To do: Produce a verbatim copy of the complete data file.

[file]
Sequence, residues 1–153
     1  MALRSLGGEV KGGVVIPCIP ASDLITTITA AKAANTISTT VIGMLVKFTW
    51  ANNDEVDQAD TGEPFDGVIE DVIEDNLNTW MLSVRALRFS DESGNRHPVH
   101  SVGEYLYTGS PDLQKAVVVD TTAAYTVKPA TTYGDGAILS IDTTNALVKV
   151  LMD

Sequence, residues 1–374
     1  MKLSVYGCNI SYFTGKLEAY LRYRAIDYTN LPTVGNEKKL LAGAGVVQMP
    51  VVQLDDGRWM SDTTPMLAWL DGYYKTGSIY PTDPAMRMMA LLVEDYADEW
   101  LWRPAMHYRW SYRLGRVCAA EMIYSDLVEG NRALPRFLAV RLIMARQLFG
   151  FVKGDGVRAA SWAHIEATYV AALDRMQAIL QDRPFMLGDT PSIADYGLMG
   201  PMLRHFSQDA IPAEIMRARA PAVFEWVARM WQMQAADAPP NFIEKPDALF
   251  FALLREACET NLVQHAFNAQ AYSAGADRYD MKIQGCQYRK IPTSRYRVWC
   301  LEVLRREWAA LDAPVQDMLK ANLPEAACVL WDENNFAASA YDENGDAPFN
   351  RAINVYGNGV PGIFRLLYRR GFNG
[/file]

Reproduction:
Sequence, residues 1–153
     1  MALRSLGGEV KGGVVIPCIP ASDLITTITA AKAANTISTT VIGMLVKFTW
    51  ANNDEVDQAD TGEPFDGVIE DVIEDNLNTW MLSVRALRFS DESGNRHPVH
   101  SVGEYLYTGS PDLQKAVVVD TTAAYTVKPA TTYGDGAILS IDTTNALVKV
   151  LMD

Sequence, residues 1–374
     1  MKLSVYGCNI SYFTGKLEAY LRYRAIDYTN LPTVGNEKKL LAGAGVVQMP
    51  VVQLDDGRWM SDTTPMLAWL DGYYKTGSIY PTDPAMRMMA LLVEDYADEW
   101  LWRPAMHYRW SYRLGRVCAA EMIYSDLVEG NRALPRFLAV RLIMARQLFG
   151  FVKGDGVRAA SWAHIEATYV AALDRMQAIL QDRPFMLGDT PSIADYGLMG
   201  PMLRHFSQDA IPAEIMRARA PAVFEWVARM WQMQAADAPP NFIEKPDALF
   251  FALLREACET NLVQHAFNAQ AYSAGADRYD MKIQGCQYRK IPTSRYRVWC
   301  LEVLRREWAA LDAPVQDMLK ANLPEAACVL WDENNFAASA YDENGDAPFN
   351  RAINVYGNGV PGIFRLLYRR GFNG